20th Century Fox

The Truth Behind Brubaker

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1980’s Brubaker, starring Robert Redford, was unfortunately based on a very true story that happened in Arkansas.

Arkansas had two prisons – Tucker State and Cummins State – both of which used inmates for labor. When a new governor took over in 1967, he released a suppressed report from the previous administration which detailed the horrific treatment and torture of the inmates.

In 1967, the governor hired Thomas Murton, the basis for Redford's Henry Brubaker, to help reform the prison system, after his successful work establishing the correctional facilities in Alaska. As the first penologist hired in Arkansas, he fought to treat the 1,300 inmates with respect, rid the prison of corporal punishment, stop the death penalty, and provide better food – especially since the prison had its own farm with produce and dairy. He also hoped to instill self-respect in the prisoners (who treated each other poorly and maintained unhygienic cells) and encourage reform measures. It was important for him to have their trust, and so he wore a work shirt and jeans in order to be seen as approachable.

Murton told a reporter, “When you sentence a man to life in prison, with no chance of getting out, he's going to die one day at a time because he knows he's doomed to walk the halls of purgatory for as long as he's alive.”

In 1968, Murton was informed about human remains buried on the property. Three bodies were uncovered, and Murton believed that approximately 200 more prisoners were buried there as well. However, he was never able to find out. According to state investigators, these graves weren't inmates, but rather unnamed paupers.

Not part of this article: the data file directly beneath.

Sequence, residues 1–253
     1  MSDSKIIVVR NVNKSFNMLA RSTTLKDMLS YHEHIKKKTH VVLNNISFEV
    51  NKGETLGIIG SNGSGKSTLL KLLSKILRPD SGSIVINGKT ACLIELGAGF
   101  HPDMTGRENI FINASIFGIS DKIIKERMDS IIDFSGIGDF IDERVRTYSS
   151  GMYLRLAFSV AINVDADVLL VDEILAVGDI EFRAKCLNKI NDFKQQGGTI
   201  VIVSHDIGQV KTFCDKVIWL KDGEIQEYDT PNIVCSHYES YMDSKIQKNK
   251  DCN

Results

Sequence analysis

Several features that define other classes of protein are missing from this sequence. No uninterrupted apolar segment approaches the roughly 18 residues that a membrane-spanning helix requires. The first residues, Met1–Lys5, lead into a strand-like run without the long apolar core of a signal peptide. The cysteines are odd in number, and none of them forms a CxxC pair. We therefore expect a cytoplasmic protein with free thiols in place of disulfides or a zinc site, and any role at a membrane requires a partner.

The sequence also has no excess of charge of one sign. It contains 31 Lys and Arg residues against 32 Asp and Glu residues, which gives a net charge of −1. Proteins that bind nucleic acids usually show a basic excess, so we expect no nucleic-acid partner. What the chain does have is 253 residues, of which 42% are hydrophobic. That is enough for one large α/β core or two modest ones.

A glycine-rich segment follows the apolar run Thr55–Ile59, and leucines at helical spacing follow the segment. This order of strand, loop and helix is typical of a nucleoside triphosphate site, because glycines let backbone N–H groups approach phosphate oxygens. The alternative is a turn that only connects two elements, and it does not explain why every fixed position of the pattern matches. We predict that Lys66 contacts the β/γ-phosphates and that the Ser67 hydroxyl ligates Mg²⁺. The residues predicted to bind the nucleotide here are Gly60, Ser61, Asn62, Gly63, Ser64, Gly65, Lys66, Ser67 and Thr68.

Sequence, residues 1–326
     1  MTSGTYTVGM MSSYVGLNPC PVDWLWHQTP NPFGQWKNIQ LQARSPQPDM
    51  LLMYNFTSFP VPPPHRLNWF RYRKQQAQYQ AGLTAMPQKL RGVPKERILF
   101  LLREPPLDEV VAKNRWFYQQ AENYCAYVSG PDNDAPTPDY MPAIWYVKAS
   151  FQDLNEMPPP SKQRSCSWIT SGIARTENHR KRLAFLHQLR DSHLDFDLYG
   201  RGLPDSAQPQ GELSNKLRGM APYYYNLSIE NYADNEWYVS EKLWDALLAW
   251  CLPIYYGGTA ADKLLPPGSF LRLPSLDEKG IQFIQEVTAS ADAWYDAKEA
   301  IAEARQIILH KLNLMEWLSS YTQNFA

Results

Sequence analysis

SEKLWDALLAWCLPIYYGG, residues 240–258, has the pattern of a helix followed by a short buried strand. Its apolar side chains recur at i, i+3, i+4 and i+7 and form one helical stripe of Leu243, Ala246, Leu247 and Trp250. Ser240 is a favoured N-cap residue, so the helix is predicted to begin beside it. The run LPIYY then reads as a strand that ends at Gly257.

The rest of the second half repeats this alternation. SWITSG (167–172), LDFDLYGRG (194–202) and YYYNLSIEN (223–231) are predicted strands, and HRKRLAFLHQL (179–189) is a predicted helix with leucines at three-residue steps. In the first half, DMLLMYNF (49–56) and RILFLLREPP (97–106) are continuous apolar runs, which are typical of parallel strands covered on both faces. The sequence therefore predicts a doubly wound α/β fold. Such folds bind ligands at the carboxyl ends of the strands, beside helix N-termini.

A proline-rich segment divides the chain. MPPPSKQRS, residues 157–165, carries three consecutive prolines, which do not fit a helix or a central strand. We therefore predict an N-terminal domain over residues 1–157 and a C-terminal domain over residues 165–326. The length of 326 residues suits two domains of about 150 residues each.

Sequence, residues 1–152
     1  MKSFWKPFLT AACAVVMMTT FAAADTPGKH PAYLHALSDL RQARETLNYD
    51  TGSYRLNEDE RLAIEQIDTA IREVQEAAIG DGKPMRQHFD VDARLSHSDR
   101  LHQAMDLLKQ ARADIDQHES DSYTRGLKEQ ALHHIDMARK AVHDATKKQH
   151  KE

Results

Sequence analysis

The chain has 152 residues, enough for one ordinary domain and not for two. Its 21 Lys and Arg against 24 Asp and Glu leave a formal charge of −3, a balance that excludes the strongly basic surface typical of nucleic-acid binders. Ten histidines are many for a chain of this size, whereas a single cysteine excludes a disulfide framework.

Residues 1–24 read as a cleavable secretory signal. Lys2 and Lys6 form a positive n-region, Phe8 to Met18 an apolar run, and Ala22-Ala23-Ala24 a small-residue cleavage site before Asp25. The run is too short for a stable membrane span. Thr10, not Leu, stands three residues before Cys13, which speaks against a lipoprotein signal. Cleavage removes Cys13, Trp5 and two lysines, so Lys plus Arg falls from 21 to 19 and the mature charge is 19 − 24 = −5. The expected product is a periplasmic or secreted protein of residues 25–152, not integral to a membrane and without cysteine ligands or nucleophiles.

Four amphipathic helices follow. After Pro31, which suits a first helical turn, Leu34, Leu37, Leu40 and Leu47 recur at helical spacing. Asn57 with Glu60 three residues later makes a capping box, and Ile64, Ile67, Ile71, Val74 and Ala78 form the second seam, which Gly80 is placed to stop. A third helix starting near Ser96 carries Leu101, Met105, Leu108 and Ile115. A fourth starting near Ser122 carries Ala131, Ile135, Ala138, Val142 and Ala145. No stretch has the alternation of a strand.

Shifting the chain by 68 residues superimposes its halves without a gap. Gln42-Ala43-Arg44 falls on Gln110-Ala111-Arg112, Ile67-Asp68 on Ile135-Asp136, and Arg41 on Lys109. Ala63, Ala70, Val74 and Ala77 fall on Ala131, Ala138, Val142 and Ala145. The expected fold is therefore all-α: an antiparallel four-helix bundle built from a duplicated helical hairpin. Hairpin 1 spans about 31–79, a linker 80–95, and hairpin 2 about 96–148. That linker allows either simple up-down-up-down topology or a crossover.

Despite efforts to quell the controversy, the reputation of the prison and its trustees was damaged as the media continued to report on “Bodiesburg,” their nickname for the area. As a result, less than two months after the bodies were discovered, Murton was fired and banned from the prison.

But the story didn’t end there. In 1969, Murton co-wrote Accomplices to the Crime: The Arkansas Prison Scandal  which detailed his experiences and pointed the finger at corrupt officials, who continued to vehemently deny the accusations.

But in 1970, a federal judge ruled in Holt v. Sarver  that Arkansas’ prison system was unconstitutional for violating the Eighth Amendment and forced the state to comply with federal standards. It seemed Murton was finally justified in his assessment.

In speaking about the role, based on Murton, Robert Redford said, “He is a controversial figure—not your hero type, although he has heroic proportions of a different order. He fails on one hand, due to his black-and-white sensibilities, but he wins a moral victory. Brubaker is a complex character with complex relationships. I wouldn’t have taken the picture if it had been just another prison film.”

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